Senior Honors Projects, 2010-current

Preferred Name - First Author

Fogg, Kathleen

Date of Award

Spring 2016

Document Type

Dissertation/Thesis

Degree Name

Bachelor of Business Administration (BBA)

Department

Department of Finance and Business Law

Advisor(s)

Kayti Schumann

Abstract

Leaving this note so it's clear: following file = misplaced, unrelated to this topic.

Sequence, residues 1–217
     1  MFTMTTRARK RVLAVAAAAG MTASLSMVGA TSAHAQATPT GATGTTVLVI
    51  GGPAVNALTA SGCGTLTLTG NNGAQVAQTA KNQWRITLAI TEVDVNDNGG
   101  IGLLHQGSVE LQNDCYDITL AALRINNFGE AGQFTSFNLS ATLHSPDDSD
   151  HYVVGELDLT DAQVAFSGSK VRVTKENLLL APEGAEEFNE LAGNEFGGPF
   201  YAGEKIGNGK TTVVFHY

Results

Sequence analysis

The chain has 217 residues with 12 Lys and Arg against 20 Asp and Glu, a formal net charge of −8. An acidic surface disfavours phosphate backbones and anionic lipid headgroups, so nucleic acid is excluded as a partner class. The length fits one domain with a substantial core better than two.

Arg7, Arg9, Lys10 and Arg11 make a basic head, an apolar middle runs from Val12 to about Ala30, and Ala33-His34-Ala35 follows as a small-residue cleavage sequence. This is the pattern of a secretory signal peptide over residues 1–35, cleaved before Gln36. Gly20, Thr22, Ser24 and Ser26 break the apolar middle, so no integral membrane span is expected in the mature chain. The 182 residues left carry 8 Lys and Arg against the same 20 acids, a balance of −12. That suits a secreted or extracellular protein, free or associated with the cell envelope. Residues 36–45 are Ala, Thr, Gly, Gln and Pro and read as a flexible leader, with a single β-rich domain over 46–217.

There are many underbanked Americans who struggle to obtain financing due to poor credit or no credit. Credit score is the primary measure used in the United States to determine credit worthiness, however there are many problems with credit score. Credit score may not be an accurate representation of risk and it can be manipulated. In addition, many Americans do not have a credit score. Some companies are beginning to use alternative measures to underwrite, but there are no published studies on using this method for subprime auto loans. This paper examines the potential alternative measures that Auto Capital, a finance company that extends credit for the purpose of financing automobiles for subprime consumers, could use in addition to credit score in its underwriting model. Several alternative measures were tested, selected based on non-standard underwriting models in use and on the data available. These alternative measures are time-at-job, time-at-residence, down payment, payment ratio, and disposable income. Of these measures, only down payment and payment ratio were the significant predictors of loan repayment for the subprime population.

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